Identified Casualties: 3,876
The town of Soissons stands on the left bank of the River Aisne, approximately 100 kilometres north-east of Paris.
From R.N.2 (Soissons bypass coming from Paris/Meaux/Compiegne/Rouen or from Laon):
Exit the R.N.2 dual carriageway at the Reims exit and turn right (coming from Laon) or turn left (coming from Paris/Meaux/Compiegne/Rouen) at the traffic lights and head into the town. After crossing the railway bridge, bear left onto Rue de Villeneuve, keeping the railway marshalling yards to your left to arrive at Soissons Railway Station.
From Soissons Railway Station by foot/car:
At the Railway Station traffic lights turn right onto the Avenue du General de Gaulle in the direction of the Centre Ville to the large roundabout (Place de la Republique). Take the second exit marked Centre Ville and bear right into the main street, Rue St. Martin (one-way). Continue along the Rue St. Martin until you see the Post Office (La Poste) on the right and then take the side road on the right, Rue du Mont Revers (one-way), immediately after the small chapel style building.
The Soissons Memorial is situated to the rear of this building and is easily identified by its massive white Portland stone construction.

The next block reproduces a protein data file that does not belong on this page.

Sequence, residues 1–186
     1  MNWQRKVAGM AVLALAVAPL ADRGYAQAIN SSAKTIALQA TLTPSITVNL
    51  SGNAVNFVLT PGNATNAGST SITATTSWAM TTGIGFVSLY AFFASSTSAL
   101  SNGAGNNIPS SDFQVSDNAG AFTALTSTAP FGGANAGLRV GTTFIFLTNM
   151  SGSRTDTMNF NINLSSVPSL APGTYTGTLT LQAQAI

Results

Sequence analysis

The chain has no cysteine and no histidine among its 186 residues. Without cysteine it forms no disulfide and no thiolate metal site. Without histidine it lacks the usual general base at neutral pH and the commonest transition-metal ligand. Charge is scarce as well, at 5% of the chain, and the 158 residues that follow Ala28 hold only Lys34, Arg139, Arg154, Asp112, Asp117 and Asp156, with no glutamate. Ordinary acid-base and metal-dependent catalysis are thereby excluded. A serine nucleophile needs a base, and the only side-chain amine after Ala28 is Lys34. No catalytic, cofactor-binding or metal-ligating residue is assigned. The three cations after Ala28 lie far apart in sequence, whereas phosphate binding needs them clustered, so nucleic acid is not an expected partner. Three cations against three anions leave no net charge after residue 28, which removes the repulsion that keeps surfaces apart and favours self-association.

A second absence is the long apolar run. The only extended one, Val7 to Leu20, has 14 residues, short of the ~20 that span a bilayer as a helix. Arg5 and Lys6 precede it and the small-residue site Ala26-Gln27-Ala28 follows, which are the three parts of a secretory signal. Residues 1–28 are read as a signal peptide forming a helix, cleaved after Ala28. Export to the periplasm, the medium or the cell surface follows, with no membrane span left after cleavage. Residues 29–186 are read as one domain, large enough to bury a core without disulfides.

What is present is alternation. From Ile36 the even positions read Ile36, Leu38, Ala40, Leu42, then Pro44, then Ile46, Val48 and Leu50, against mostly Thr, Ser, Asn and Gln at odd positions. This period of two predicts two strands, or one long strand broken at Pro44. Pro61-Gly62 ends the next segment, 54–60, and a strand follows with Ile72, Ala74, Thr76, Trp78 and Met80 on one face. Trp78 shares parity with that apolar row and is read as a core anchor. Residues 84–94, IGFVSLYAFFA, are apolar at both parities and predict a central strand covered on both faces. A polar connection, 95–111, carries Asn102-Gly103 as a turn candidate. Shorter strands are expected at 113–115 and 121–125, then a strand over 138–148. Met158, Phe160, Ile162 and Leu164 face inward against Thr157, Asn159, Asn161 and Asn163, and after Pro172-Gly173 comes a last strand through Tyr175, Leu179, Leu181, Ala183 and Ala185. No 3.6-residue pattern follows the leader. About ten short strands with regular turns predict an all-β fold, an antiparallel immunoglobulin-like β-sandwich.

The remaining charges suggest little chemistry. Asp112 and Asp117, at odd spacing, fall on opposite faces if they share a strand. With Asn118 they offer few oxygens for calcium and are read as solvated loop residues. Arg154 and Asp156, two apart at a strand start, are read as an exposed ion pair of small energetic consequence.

There is parking available on the adjacent streets.
The original British Expeditionary Force crossed the Aisne in August 1914 a few kilometres west of Soissons, and re-crossed it in September a few kilometres east. For the next three and a half years, this part of the front was held by French forces and the city remained within the range of German artillery.
At the end of April 1918, five divisions of Commonwealth forces (IX Corps) were posted to the French 6th Army in this sector to rest and refit following the German offensives on the Somme and Lys. Here, at the end of May, they found themselves facing the overwhelming German attack which, despite fierce opposition, pushed the Allies back across the Aisne to the Marne. Having suffered 15,000 fatal casualties, IX Corps was withdrawn from this front in early July, but was replaced by XXII Corps, who took part in the Allied counter attack that had driven back the Germans by early August and recovered the lost ground.
The Soissons Memorial commemorates almost 4,000 officers and men of the United Kingdom forces who died during the Battles of the Aisne and the Marne in 1918 and who have no known grave.
The memorial was designed by G.H. Holt and V.O. Rees, with sculpture by Eric Kennington. It was unveiled by Sir Alexander Hamilton-Gordon on 22 July 1928.